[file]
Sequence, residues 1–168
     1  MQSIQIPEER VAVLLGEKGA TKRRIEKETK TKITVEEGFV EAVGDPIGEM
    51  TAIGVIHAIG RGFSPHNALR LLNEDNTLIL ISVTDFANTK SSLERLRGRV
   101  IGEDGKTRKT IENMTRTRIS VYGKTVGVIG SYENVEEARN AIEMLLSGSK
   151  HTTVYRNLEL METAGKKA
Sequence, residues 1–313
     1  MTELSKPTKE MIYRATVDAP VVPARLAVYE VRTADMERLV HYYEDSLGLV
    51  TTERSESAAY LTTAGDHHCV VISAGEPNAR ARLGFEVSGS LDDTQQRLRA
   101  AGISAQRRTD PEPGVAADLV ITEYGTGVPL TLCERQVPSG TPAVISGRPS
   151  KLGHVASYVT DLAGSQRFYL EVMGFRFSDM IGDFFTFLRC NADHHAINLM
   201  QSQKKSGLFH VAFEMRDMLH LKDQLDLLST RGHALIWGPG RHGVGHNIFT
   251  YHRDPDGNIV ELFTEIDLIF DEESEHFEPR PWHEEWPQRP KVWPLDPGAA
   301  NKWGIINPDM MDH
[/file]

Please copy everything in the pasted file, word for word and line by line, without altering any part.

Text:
Sequence, residues 1–168
     1  MQSIQIPEER VAVLLGEKGA TKRRIEKETK TKITVEEGFV EAVGDPIGEM
    51  TAIGVIHAIG RGFSPHNALR LLNEDNTLIL ISVTDFANTK SSLERLRGRV
   101  IGEDGKTRKT IENMTRTRIS VYGKTVGVIG SYENVEEARN AIEMLLSGSK
   151  HTTVYRNLEL METAGKKA
Sequence, residues 1–313
     1  MTELSKPTKE MIYRATVDAP VVPARLAVYE VRTADMERLV HYYEDSLGLV
    51  TTERSESAAY LTTAGDHHCV VISAGEPNAR ARLGFEVSGS LDDTQQRLRA
   101  AGISAQRRTD PEPGVAADLV ITEYGTGVPL TLCERQVPSG TPAVISGRPS
   151  KLGHVASYVT DLAGSQRFYL EVMGFRFSDM IGDFFTFLRC NADHHAINLM
   201  QSQKKSGLFH VAFEMRDMLH LKDQLDLLST RGHALIWGPG RHGVGHNIFT
   251  YHRDPDGNIV ELFTEIDLIF DEESEHFEPR PWHEEWPQRP KVWPLDPGAA
   301  NKWGIINPDM MDH